How the west was won–California leading the way on rent control

by Sharisse Tracey | February 10, 2020 12:02 pm

Photo by Kelly Lacy from Pexels

On the heels of learning that Southern California residents now need to earn over  $100,000 a year to purchase a median two-bedroom home costing over half million dollars in Los Angeles County, the Golden State made this Pasadena native proud by being the second state in the country to approve a statewide rent cap. Oregon, another west coast state, was the first. Let’s hear it for the west coast.

According to a recent New York Times article, in February 2019, Oregon lawmakers became the first to pass statewide rent control, limiting increases to 7 percent annually plus inflation. New York, with Democrats newly in control of the State Legislature, strengthened rent regulations governing almost one million apartments in New York City.

This is one of the first tangible marks in the recent outpouring of voices to address an affordable housing crisis throughout our country. 

“For the first time in recent memory, affordable housing is a topic on the presidential campaign trail,” said Diane Yentel, president and CEO of the National Low Income Housing Coalition.

With this California law, annual rent increases will be held to five percent after inflation. There are also more barriers to discourage property owners and landlords from evicting their tenants. California currently has the nation’s highest housing prices only to be outdone by its bursting homeless communities. Skid row in Los Angeles, perhaps one of the most known and spoken about homeless communities, is only one of many tent cities throughout the state.  If ever California residents needed housing security, it is now, and this new law will help to make some of its residents feel more stable.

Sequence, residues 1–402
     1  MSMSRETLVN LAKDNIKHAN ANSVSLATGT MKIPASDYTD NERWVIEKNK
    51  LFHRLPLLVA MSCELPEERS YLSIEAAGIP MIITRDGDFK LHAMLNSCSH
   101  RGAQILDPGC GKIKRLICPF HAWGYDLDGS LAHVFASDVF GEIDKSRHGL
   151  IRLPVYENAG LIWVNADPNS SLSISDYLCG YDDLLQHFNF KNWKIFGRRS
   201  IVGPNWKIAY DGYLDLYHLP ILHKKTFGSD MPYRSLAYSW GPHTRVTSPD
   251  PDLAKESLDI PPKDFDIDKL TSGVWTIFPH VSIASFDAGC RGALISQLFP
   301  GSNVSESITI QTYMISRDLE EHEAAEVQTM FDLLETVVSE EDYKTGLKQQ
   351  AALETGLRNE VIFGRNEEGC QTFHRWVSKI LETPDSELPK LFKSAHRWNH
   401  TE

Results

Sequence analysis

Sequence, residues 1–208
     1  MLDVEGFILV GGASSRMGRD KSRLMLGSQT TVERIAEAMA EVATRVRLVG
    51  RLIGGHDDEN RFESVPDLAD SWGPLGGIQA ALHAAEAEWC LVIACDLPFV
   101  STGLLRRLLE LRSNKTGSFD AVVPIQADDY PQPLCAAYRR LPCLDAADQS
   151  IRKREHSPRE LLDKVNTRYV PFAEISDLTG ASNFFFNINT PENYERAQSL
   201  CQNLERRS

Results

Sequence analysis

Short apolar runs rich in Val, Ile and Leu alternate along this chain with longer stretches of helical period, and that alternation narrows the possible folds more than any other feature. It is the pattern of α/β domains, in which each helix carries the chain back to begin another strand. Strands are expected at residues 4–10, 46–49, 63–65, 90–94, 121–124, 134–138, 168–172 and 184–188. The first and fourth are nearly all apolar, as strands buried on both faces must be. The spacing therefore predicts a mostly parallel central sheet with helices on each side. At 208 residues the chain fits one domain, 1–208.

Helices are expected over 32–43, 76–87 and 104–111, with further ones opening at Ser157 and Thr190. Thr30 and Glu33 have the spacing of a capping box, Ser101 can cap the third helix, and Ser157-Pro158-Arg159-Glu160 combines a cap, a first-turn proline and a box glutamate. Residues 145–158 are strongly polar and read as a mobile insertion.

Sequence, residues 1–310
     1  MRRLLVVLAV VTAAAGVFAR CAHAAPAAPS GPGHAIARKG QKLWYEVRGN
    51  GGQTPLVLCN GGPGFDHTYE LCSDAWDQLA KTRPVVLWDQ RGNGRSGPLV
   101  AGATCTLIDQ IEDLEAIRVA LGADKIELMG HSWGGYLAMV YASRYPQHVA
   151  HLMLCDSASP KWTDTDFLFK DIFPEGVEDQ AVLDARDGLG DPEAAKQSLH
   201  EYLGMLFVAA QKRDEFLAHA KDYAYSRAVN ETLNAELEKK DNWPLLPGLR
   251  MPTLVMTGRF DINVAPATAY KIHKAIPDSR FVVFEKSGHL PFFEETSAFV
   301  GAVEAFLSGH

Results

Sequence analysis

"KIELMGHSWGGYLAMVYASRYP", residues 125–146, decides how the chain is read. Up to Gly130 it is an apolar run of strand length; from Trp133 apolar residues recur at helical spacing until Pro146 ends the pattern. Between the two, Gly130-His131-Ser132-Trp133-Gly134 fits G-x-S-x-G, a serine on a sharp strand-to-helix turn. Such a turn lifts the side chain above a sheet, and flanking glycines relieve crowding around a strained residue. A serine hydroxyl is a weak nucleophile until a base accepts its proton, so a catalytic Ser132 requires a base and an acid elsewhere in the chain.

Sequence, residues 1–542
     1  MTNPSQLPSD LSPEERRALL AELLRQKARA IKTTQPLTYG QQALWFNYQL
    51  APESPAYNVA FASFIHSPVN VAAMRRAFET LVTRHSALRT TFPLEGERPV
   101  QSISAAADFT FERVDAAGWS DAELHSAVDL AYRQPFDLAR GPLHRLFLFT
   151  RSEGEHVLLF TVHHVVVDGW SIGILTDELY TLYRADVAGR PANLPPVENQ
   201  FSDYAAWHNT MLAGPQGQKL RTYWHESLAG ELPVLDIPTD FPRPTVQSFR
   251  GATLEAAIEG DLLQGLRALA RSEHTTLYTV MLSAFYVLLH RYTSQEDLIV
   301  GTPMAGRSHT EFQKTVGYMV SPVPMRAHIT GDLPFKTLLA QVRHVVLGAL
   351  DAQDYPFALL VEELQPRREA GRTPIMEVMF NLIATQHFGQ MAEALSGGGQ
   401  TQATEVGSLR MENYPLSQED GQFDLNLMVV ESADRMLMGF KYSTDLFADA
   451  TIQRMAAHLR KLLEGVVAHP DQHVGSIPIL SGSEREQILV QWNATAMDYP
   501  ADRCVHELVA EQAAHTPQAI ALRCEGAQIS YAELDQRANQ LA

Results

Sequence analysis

California Governor Gavin Newsom, known as one of our most liberal governors, in his first year in office made tenant protection a priority. It’s estimated that over eight million California residents that currently rent apartments and houses will be affected by the rent-control law. Tenants groups, landlord associations and California’s Business Roundtable – which supports the state’s top employers – are all behind the new law. This is indicative of how severe the housing and homeless crisis is in the golden state.

“The housing crisis is reaching every corner of America, where you’re seeing high home prices, high rents, evictions and homelessness that we’re all struggling to grapple with,” said Assemblyman David Chiu, a San Francisco Democrat who sponsored the rent-control legislation. “Protecting tenants is a critical and obvious component of any strategy to address this.”

Over the past fifty years, more Americans are renting instead of buying, yet only four states — California, Maryland, New Jersey and New York — have some type of rent control, along with the District of Columbia. Change must occur. 

According to the Joint Center for Housing Studies at Harvard University, nationally, about a quarter of tenants pay more than half their income in rent. And in California the state poverty rate hovers slightly over 18 percent, presenting the state with unique challenges.  

Studies show that rent-control policies effectively help to shield low-income and older tenants from evictions and rent hikes.

“Caps on rent increases, like the one proposed in California or the one recently passed in Oregon, are part of a new generation of rent-regulation policies that are trying to thread the needle by offering some form of protection against egregious rent hikes for vulnerable renters without stymieing much-needed new housing construction,” said Elizabeth Kneebone, research director at the Terner Center for Housing Innovation at the University of California.

Every state in America needs to adapt some kind of rent control policy and they can use the west coast states, with some of the most staggering numbers on housing availability and a saturated homeless population, as an example on how to get it done.

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